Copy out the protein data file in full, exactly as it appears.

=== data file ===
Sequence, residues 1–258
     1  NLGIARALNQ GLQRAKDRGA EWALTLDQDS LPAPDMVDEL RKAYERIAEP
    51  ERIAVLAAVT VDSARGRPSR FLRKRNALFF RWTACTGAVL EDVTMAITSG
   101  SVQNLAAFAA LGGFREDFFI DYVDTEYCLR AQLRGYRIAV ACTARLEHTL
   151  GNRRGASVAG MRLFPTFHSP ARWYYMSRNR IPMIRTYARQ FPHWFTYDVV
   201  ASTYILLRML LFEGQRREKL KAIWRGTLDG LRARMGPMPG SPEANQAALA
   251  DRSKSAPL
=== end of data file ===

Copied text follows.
Sequence, residues 1–258
     1  NLGIARALNQ GLQRAKDRGA EWALTLDQDS LPAPDMVDEL RKAYERIAEP
    51  ERIAVLAAVT VDSARGRPSR FLRKRNALFF RWTACTGAVL EDVTMAITSG
   101  SVQNLAAFAA LGGFREDFFI DYVDTEYCLR AQLRGYRIAV ACTARLEHTL
   151  GNRRGASVAG MRLFPTFHSP ARWYYMSRNR IPMIRTYARQ FPHWFTYDVV
   201  ASTYILLRML LFEGQRREKL KAIWRGTLDG LRARMGPMPG SPEANQAALA
   251  DRSKSAPL